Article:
Published June 2, 2016
WASHINGTON – On this date 91 years ago, Congress passed — and President Calvin Coolidge signed — the Indian Citizenship Act, which stated “all noncitizen Indians born within the territorial limits of the United States be, and they are hereby declared to be, citizens of the United States: Provided that the granting of such citizenship shall not in any manner impair or otherwise affect the right of any Indian to tribal or other property.”
Prior to this act, about two-thirds of American Indians were already citizens by other provisions. Today, there are over two million single-race American Indians possessing this full citizenship, and 566 federally recognized tribes. The Indian and Alaska Native population, including people of more than one race, numbers 5.4 million.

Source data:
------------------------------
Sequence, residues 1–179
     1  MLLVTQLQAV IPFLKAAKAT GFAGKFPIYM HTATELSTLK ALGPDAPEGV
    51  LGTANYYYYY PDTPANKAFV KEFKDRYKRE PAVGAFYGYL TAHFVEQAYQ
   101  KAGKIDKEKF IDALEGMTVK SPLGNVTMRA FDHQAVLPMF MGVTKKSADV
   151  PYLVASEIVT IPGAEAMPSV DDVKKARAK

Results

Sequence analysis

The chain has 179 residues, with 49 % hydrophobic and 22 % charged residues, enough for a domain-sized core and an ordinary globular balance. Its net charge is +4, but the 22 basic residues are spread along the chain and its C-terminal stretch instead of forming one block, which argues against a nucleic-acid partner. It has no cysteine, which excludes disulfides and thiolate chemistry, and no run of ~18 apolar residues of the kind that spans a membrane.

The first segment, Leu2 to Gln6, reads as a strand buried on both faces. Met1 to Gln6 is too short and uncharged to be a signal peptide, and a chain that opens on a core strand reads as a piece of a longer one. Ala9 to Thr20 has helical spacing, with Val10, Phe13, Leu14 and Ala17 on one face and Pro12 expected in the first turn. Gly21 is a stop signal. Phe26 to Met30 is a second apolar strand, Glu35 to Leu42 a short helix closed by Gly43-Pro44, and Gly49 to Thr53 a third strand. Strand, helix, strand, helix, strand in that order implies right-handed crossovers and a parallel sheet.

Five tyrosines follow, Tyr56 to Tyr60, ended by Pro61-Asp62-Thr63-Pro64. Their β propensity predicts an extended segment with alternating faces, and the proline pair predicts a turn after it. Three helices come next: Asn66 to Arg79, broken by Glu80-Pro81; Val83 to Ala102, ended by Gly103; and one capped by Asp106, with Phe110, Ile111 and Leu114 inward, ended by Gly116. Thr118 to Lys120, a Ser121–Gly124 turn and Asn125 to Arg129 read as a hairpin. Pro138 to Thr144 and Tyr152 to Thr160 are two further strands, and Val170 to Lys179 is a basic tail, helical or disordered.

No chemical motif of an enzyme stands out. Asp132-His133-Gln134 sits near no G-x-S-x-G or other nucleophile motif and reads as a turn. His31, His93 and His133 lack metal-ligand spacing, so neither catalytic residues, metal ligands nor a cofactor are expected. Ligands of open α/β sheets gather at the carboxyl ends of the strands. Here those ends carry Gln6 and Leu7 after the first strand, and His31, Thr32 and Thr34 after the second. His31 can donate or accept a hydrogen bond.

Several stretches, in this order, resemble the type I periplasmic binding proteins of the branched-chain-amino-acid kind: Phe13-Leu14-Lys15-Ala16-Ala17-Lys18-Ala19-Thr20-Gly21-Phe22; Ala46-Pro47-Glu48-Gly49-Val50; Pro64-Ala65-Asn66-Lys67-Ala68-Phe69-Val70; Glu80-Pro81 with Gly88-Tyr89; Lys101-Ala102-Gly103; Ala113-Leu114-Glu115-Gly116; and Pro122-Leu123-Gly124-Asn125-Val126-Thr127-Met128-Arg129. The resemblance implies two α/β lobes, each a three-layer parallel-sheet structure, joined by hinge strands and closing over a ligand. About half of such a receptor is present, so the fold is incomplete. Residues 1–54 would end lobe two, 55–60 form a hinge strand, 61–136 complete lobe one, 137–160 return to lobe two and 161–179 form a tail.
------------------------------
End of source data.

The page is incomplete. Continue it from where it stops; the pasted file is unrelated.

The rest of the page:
The post This Date in History: American Indians Gain Citizenship – June 2, 1924 appeared first on Native News Online.